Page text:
October 31, 2011 § Leave a comment
We braved the line of cars tapping their brakes down the two lane road. We dodged and weaved amongst the pedestrians crowding the sidewalks and crosswalks. We squeaked into the Pancake Pantry in Gatlinburg an hour before closing time.
The waitress put this in front of my face:
Wild blueberry pancakes with blueberries in them, on them, and, see that adorable little pitcher there?, from it flows blueberry syrup with yes, more blueberries. A delectable trifecta, I must say.
Our trip to the mountains afforded beautiful views of a outdoorsy variety, too. I’ll get to that.
October 17, 2011 § Leave a comment
The town of Tuscaloosa, Alabama, is known outside the South mostly, if not exclusively, for a football team known as the Crimson Tide. There may be people who don’t know of the town or its team, of course, I’m just generalizing.
For me, though, football is not king, but I guess you could say food is.
Having lived in this town as a high schooler, I know it pretty well, but I’m always on the lookout to be surprised or find something new.
My mom and I did just that on Saturday before we attended the annual Kentuck Festival (which was fantastic! I took pictures. I hope they turn out so I can share).Carmelo Cafe is a relatively small place with a daily, blackboard menu. We arrived, we sat, we debated the finer points of the fish tacos versus the pimento cheese burger with bacon or the Roast Beef Po’Boy.
The first thing that caught my eye ended up being what graced my plate and pleased my palate: Walnut-crusted fried chicken with a honey habanero glaze, speckled butter beans, and Gouda grits.
And, so, a surprisingly tasty lunch was had.
October 14, 2011 § Leave a comment
Working in a form of retail, making and selling the cupcakes as I do, has reopened my eyes to some truths.
Everyone should have a service-related job at some point in one’s life.
Though I’m in the kitchen for the majority of my shift, I have been pulled up to work the front more lately. The experiences are varied. Most people respond to me when they walk in the door, seem excited to be getting a cupcake, and will exchange pleasantries. A lesser number only attempt the bare bones of social interaction: “I want this and here’s my money and I’ll leave my hand out to wait for you to pass me my change/credit card.” Some don’t even make eye contact with me. Occasionally, it seems to be too easy for some to take out whatever inner frustrations they are feeling on people behind counters or in uniforms. Then, there’s the few who come in and have a look around and just walk out without a word.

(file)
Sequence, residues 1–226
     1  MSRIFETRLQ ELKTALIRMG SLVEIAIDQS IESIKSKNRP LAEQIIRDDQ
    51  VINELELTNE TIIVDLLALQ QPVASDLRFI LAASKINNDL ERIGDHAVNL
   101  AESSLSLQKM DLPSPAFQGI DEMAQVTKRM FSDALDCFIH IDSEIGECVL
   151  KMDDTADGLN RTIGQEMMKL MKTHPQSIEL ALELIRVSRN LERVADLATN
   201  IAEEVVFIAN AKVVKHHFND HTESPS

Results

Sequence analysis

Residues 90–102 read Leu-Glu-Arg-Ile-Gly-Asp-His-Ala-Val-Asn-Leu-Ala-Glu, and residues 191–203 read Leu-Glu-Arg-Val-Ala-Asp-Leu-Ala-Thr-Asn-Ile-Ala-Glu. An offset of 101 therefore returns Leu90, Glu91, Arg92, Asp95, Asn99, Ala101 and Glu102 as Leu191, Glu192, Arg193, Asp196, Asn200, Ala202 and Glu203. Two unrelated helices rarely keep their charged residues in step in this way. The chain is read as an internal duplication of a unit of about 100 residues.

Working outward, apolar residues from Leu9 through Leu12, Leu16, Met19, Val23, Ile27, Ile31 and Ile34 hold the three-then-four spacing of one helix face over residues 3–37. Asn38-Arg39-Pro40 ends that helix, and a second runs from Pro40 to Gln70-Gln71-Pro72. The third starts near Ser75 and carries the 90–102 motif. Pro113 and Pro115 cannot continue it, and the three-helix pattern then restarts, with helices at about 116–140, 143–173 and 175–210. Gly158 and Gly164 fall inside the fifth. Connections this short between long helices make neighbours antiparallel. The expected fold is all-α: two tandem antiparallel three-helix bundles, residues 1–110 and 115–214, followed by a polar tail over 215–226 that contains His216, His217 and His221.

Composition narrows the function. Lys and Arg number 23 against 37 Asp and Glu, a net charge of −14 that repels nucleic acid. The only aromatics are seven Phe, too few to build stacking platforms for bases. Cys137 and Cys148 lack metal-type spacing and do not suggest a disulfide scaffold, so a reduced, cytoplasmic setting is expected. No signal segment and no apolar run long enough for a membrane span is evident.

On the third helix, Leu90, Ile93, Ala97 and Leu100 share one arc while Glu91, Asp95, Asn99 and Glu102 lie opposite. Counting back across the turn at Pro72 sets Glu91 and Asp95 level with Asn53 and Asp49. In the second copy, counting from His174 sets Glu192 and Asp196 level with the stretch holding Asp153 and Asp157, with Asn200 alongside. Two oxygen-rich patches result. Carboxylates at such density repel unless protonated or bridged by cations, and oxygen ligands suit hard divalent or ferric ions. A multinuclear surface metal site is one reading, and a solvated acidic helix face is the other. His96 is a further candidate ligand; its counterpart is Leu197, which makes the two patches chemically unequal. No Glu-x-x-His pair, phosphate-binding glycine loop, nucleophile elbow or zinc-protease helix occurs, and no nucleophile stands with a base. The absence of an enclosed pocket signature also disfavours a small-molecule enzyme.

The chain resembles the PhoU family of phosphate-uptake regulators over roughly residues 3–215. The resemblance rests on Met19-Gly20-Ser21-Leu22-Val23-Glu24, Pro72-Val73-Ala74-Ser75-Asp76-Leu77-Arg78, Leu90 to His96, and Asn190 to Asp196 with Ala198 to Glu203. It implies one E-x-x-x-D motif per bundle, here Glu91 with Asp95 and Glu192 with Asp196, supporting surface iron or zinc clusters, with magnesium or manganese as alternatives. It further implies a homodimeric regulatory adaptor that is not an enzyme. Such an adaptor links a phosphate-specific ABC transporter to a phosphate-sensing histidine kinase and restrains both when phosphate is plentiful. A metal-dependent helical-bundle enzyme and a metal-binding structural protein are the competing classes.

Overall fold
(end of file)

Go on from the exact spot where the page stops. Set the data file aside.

Being on the receiving end of the full spectrum of customers has made me keenly aware of how I act when I am one.
A smile truly does go a long way. A genuine “thank you” does, too. Sure, I daily encounter the surly server or cashier or haughty sales clerk, but I feel that I make an effort to do my part and treat the person across the counter in the same way I would want to be treated.
Today, I smiled and made eye contact with the girl who took my money for my delicious steamed roast beef sandwich. Her previously monotone expression lifted into a smile, a “smize” even, as Tyra Banks would say. And, I know it made my outlook brighter as I left the restaurant. I can only hope it did the same for her, too.